The ferry arrived at about 3.00 am, the previous incumbent of the dock space having sailed off at about 1.00 am. Refrigerator lorries started to queue at about 4.00 am with chilling units going at full blast. You can tell that there was not too much sleeping done.
We breakfasted and settled down to wait, first for the train to be shunted on and then for us to be called to border control. Eventually the usual forms were issued and at about 11.00 we were called to the border office with our bags. We also carried two boxes of food from the truck, together with the food supplies we had purchased ourselves as we did not know if we would have access to Penelope again until we reached Azerbaijan. It was a pretty well loaded down and rather motley crew who assembled to leave Turkmenistan and set off on the high seas.
We sat in the border control office and watched the three generations of a local family gather for the crossing. Their luggage was incredible! 2 enormous flat screen televisions, a washing machine (!), a large carpet, several large plastic bags and a number of wheelie trolleys all collected themselves around them.
We eventually got through the ‘getting out of Turkmenistan’ process and found ourselves sitting outside the office on the jetty with a wooden walkway in front of us leading into the bowels of the ship and with the truck in front of us, waiting to be searched for the usual guns and drugs. At about 2.00 pm we received the nod. Simon drove Penelope across and we trooped into the ship, alongside the railway goods carriages already in position. (The ship has railway lines in it!) After several attempts, space was found for Penelope and we were allowed to climb up to what was, I think, our third class accommodation.
As we walked along the deck, looking at the rust frequently displayed where there were joints of ironwork, I hoped its workings were a little more up to date than it’s obvious longevity. This was a soviet ship that had been around a very long time. Black smoke belched out of its twin chimneys, grey washing hung out on washing lines strung between various bits of apparatus. Signs directed us to a dining room and shopwhich were never found and were probably long gone!
We were shown into a communal area with aged photographs depicting many medalled veterans of a previous era. Arranged around the walls were what looked like ex-aircraft chairs, some with arms and some with just the metal carcus of arms. All had been ‘covered’ with loose covers in various stages of (dis)repair. A dead plant in cement like earth sat in an iron pot in the centre of the room. The only other piece of furniture was a much mended table.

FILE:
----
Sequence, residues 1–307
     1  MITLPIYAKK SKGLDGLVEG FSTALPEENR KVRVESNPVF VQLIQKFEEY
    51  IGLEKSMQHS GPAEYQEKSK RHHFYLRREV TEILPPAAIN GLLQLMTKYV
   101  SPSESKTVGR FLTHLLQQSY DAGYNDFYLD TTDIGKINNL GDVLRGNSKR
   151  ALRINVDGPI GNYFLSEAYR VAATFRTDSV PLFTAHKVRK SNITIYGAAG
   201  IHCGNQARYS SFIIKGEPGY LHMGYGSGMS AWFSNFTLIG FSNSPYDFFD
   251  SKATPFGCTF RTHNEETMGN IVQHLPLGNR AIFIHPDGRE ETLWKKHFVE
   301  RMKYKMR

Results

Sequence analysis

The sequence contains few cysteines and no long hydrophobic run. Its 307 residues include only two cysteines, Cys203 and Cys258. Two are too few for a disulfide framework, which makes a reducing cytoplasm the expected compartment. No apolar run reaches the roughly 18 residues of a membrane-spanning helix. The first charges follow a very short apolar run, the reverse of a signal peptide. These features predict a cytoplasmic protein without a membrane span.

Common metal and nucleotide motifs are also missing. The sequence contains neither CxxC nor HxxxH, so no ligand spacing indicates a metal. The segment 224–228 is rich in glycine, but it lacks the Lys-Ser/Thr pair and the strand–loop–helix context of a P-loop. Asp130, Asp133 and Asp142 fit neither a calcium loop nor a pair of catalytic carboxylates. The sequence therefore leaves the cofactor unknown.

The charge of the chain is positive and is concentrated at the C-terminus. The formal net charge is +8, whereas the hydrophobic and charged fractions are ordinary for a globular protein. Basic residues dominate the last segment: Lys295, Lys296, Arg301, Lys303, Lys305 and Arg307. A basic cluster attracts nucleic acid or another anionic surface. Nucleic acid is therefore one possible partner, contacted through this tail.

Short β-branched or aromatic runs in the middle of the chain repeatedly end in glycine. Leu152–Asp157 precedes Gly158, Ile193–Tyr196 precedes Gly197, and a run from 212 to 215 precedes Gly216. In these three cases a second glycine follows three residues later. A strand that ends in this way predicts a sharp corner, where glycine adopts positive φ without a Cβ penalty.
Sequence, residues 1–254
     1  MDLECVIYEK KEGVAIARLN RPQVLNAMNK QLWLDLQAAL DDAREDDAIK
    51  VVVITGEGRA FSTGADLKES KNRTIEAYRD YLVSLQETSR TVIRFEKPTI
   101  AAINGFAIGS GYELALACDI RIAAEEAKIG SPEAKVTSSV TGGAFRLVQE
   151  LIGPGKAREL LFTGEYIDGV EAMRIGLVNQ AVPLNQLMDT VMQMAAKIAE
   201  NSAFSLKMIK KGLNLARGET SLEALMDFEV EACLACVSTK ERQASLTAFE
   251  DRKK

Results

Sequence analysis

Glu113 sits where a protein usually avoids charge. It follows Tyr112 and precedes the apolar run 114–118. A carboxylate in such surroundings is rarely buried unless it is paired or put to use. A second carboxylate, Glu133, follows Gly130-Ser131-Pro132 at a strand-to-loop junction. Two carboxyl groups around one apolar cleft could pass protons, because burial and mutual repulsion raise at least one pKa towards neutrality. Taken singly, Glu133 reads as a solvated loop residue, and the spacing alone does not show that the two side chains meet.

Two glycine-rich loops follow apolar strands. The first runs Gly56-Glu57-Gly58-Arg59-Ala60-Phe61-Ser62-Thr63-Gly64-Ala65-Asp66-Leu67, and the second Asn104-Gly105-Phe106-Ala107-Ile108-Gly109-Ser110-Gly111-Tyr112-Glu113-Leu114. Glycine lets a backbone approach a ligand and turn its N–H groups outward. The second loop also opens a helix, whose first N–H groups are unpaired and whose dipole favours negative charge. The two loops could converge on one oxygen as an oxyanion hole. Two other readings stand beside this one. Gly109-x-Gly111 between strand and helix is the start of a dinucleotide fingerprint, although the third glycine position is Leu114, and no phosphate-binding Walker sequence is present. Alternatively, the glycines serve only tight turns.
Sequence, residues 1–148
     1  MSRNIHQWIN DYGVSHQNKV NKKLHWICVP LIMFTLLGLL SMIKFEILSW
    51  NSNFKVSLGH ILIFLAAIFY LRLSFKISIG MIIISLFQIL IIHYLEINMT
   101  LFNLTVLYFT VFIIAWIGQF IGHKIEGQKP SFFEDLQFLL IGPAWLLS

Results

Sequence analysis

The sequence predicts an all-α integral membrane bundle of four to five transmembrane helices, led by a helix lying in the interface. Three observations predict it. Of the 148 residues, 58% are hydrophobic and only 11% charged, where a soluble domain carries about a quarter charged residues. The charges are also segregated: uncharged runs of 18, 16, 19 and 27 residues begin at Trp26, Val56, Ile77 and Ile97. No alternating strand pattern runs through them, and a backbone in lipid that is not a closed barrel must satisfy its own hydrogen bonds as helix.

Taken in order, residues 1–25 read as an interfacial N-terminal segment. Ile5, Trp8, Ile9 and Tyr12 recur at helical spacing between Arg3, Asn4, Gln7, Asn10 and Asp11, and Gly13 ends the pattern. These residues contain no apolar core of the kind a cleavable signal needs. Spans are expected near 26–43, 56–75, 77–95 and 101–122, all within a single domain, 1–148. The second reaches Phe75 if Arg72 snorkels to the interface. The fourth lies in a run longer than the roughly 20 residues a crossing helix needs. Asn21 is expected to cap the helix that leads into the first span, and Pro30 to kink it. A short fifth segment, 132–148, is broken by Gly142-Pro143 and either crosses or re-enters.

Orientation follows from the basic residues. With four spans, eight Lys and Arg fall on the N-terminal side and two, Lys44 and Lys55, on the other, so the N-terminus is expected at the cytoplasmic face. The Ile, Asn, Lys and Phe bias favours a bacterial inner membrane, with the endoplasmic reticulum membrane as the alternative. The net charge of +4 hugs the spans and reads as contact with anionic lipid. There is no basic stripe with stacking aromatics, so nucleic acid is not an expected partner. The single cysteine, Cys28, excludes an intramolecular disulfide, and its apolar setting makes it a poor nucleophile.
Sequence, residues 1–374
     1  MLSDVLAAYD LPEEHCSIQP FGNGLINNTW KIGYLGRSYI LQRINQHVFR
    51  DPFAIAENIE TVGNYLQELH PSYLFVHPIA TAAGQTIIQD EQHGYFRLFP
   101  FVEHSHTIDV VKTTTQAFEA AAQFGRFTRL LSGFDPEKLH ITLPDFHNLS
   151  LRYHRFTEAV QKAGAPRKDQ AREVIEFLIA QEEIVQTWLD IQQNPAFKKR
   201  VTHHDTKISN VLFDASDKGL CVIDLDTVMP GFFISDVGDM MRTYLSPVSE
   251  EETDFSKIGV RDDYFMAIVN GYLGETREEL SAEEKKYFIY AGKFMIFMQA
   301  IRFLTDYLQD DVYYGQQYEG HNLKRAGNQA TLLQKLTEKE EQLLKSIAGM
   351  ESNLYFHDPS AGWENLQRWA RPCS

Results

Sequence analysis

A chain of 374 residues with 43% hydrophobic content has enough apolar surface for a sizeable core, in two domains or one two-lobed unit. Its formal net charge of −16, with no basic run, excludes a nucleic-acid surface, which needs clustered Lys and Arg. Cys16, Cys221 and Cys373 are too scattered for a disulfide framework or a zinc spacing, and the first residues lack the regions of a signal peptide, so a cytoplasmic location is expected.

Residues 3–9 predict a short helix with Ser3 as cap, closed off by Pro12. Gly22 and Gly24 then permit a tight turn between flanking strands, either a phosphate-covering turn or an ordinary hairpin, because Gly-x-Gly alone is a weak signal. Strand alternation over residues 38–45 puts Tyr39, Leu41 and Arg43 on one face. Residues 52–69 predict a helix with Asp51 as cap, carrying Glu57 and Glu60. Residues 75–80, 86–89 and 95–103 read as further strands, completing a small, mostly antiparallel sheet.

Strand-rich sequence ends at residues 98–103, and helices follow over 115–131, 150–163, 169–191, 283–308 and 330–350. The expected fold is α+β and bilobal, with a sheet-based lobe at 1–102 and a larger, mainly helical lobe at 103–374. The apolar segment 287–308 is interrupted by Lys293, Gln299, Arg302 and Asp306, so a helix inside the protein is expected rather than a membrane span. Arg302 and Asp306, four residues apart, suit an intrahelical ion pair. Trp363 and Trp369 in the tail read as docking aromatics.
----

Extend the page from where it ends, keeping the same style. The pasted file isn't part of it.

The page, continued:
We shared a cabin with Wendy and Sarah, the Australian ladies we have shared with before. The cabin was very small with three narrow plastic cupboards, 4 bunk beds, a sink with no plumbing connection and half a broken mirror. Ancient wires hung out the remains of a plug socket. One positive thing was the porthole that opened – we could get air!
The ferry left at 4.00 pm with an estimated journey time of 16 hours.
We had more or less exhausted our selves by 8.30 pm having not slept much the night before. We had spent some time outside on deck on an area I termed as the ‘sun deck’ but it had no seats so sitting was a bit of an issue. We had then cobbled together two meals from the truck and our own supplies (lunch and supper). We had no way of recharging IPads so our reading was running out – so an early night was the only sensible option.
We had politely turned down the offer of bedding and I slept on top of my sleeping bag in my silk liner sack.
I opted for the upper bunk and slept well, despite a slight anxiety that if there was a heavy swell I was likely fall out of the wide open window – sorry – porthole that my bunk gave rather too easy access. There was a cooling breeze and luckily our crossing was flat calm. No lives were lost.